U.S. Representatives Henry Cuellar, Betsy Markey and Ben Ray Lujan sent a letter to Administrator Lisa Jackson urging the Environmental Protection Agency (EPA) to consider grain sorghum as an advanced biofuel under the supplemental rule of the Renewable Fuels Standard (RFS) outlined in the 2008 Farm Bill.

While sorghum was not included in the RFS2 final rule, it is now being considered in the supplemental rule, which is vitally important to both grain sorghum producers and biorefineries. According to Cuellar and his colleagues, it will also create jobs and stimulate rural economies.

Dale Murden, National Sorghum Producers board member and past chairman from Monte Alto, Texas, said he is pleased NSP and members of Congress are eagerly pushing for sorghum’s place as an advanced biofuel in the supplemental rule of RFS2.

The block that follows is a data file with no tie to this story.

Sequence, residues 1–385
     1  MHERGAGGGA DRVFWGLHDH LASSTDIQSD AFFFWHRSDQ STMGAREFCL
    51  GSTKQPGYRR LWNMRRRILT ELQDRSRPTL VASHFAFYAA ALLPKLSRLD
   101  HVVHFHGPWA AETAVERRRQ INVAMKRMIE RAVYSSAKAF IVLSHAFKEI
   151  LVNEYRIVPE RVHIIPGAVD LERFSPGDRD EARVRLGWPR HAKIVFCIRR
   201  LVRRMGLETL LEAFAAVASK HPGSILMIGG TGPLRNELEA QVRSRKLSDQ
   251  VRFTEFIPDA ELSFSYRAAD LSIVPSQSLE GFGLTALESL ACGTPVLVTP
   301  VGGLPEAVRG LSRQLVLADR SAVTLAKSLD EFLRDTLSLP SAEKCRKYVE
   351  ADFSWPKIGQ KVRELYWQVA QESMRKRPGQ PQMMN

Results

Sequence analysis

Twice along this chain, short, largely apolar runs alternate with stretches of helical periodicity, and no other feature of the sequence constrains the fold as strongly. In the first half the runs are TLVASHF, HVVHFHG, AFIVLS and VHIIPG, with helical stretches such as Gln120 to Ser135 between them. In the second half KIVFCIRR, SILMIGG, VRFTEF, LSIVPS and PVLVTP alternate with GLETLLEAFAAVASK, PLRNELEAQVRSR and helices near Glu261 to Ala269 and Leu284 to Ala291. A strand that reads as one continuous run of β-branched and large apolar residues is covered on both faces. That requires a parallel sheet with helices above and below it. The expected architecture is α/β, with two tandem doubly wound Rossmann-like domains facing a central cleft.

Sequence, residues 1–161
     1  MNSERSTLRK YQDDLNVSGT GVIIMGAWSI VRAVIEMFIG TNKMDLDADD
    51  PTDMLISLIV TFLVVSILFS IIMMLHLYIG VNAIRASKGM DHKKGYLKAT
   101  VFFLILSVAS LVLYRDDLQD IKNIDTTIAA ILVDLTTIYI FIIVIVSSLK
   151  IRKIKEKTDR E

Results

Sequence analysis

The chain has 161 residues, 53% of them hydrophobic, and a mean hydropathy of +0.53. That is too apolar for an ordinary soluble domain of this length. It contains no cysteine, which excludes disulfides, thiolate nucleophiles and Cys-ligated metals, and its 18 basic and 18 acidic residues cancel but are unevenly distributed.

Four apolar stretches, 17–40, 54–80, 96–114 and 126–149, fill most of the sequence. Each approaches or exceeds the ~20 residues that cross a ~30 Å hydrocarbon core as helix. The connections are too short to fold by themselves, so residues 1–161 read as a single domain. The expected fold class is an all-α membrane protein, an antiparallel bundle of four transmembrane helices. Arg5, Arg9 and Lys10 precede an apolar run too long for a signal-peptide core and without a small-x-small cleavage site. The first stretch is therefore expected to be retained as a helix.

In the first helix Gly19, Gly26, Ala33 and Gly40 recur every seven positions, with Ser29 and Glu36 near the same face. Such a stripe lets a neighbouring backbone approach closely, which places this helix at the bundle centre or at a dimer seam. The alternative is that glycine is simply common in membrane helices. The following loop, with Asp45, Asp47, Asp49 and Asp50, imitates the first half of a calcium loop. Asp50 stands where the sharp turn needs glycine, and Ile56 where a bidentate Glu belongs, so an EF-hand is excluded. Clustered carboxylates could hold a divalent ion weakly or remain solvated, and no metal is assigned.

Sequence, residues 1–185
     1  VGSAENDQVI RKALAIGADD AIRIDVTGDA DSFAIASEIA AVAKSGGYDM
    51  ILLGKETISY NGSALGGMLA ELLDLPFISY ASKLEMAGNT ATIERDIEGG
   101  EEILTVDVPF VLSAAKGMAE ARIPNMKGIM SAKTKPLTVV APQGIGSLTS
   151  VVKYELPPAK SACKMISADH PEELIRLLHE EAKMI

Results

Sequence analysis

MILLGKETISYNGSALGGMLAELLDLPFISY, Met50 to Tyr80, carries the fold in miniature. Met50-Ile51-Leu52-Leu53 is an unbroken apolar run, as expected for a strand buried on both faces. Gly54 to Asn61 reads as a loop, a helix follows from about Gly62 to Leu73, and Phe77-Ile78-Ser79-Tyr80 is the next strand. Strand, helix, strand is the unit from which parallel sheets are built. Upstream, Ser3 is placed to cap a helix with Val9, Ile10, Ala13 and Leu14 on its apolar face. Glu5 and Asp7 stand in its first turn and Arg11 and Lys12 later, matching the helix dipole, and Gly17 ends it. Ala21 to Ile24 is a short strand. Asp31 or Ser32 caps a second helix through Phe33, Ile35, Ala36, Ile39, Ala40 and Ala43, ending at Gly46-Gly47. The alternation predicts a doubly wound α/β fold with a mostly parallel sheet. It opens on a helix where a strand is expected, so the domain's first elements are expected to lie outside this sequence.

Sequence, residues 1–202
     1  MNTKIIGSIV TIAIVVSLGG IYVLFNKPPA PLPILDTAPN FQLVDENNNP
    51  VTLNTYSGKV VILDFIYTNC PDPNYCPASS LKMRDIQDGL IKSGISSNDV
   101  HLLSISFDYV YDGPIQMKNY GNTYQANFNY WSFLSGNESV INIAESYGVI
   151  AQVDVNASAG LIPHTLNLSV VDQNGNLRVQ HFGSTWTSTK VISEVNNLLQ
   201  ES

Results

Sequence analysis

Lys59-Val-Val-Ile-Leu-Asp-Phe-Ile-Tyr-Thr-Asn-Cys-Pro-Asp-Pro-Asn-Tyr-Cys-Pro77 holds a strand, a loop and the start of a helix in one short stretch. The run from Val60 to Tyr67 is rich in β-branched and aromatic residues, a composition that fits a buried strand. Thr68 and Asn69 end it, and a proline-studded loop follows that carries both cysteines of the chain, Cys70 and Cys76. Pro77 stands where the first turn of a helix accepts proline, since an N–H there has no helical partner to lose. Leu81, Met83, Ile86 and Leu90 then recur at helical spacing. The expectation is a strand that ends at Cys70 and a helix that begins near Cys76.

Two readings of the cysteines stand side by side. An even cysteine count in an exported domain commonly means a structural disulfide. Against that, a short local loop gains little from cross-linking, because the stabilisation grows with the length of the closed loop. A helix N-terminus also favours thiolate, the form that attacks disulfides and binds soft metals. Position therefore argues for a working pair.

“I commend Congressman Cuellar’s efforts,” Murden said. “The letter strongly reflects the concerns of the sorghum industry and is on target with our efforts to ensure EPA is diligent in its deliberation of the final rule.”

Although NSP and members of Congress would like to see the supplemental rule as quick as possible, the letter stressed the importance for EPA to work attentively and openly on the rule with all affiliated parties, including producers, biorefineries and the sorghum industry in general.

“Cuellar’s request for EPA to be open and transparent during the process will help producers in his district continue to advance grain sorghum as a critical feedstock for ethanol production,” Murden said. “More so, this designation will enhance the marketability of sorghum, which has continually proved itself as an efficient, sustainable crop in South Texas.”

The wait for EPA’s determination of grain sorghum’s status as an advanced biofuel feedstock is highly anticipated.

Following the meeting request by Cuellar, NSP and the USDA were able to meet with EPA. The agency has agreed to work with the sorghum industry as incremental progress has been made toward the supplemental rule’s completion.